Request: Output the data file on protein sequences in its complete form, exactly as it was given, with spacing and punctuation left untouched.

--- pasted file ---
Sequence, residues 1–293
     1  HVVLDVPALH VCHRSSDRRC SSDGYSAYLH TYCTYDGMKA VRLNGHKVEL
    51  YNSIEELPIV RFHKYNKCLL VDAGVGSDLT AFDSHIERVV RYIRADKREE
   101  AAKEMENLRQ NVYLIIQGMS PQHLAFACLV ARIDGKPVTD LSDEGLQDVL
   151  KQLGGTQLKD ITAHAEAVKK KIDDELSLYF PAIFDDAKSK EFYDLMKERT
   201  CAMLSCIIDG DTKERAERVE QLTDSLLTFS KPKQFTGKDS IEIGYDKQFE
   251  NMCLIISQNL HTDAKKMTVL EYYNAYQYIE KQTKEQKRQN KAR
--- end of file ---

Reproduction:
Sequence, residues 1–293
     1  HVVLDVPALH VCHRSSDRRC SSDGYSAYLH TYCTYDGMKA VRLNGHKVEL
    51  YNSIEELPIV RFHKYNKCLL VDAGVGSDLT AFDSHIERVV RYIRADKREE
   101  AAKEMENLRQ NVYLIIQGMS PQHLAFACLV ARIDGKPVTD LSDEGLQDVL
   151  KQLGGTQLKD ITAHAEAVKK KIDDELSLYF PAIFDDAKSK EFYDLMKERT
   201  CAMLSCIIDG DTKERAERVE QLTDSLLTFS KPKQFTGKDS IEIGYDKQFE
   251  NMCLIISQNL HTDAKKMTVL EYYNAYQYIE KQTKEQKRQN KAR